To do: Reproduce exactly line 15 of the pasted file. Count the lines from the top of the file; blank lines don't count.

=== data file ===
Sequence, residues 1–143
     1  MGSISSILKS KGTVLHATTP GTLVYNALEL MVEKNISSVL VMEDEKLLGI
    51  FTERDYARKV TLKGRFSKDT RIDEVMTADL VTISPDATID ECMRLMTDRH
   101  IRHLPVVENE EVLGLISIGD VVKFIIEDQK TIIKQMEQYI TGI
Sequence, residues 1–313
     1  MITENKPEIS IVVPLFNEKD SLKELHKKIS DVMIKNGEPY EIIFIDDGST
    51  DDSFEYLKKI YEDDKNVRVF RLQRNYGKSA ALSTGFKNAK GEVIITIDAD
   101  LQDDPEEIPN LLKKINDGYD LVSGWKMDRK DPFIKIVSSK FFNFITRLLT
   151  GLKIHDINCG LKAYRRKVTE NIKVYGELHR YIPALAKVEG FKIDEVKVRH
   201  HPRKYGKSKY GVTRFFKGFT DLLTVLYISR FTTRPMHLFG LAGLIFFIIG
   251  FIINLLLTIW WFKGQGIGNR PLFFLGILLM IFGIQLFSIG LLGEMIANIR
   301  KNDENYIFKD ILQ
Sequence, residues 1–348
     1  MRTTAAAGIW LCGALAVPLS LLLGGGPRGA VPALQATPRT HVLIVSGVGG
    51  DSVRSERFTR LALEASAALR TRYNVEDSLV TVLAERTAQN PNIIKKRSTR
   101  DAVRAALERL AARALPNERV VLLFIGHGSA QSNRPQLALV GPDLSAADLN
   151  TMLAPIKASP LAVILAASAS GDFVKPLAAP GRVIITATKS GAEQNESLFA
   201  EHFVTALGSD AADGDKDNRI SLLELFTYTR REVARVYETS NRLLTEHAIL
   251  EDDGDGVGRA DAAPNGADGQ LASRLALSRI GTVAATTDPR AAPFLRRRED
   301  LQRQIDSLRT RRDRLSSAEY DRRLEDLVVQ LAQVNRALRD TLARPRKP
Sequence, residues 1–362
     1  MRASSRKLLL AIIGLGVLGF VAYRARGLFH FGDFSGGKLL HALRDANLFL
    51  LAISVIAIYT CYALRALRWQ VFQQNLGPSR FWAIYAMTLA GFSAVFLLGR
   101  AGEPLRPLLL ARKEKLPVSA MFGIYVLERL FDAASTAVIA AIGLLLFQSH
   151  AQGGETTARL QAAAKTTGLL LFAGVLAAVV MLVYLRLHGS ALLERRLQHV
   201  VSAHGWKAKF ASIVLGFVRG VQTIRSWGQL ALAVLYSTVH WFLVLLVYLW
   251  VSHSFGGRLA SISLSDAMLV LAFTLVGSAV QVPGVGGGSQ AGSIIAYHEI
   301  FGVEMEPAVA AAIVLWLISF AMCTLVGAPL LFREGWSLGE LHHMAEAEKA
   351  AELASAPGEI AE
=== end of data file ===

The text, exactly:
    51  DSVRSERFTR LALEASAALR TRYNVEDSLV TVLAERTAQN PNIIKKRSTR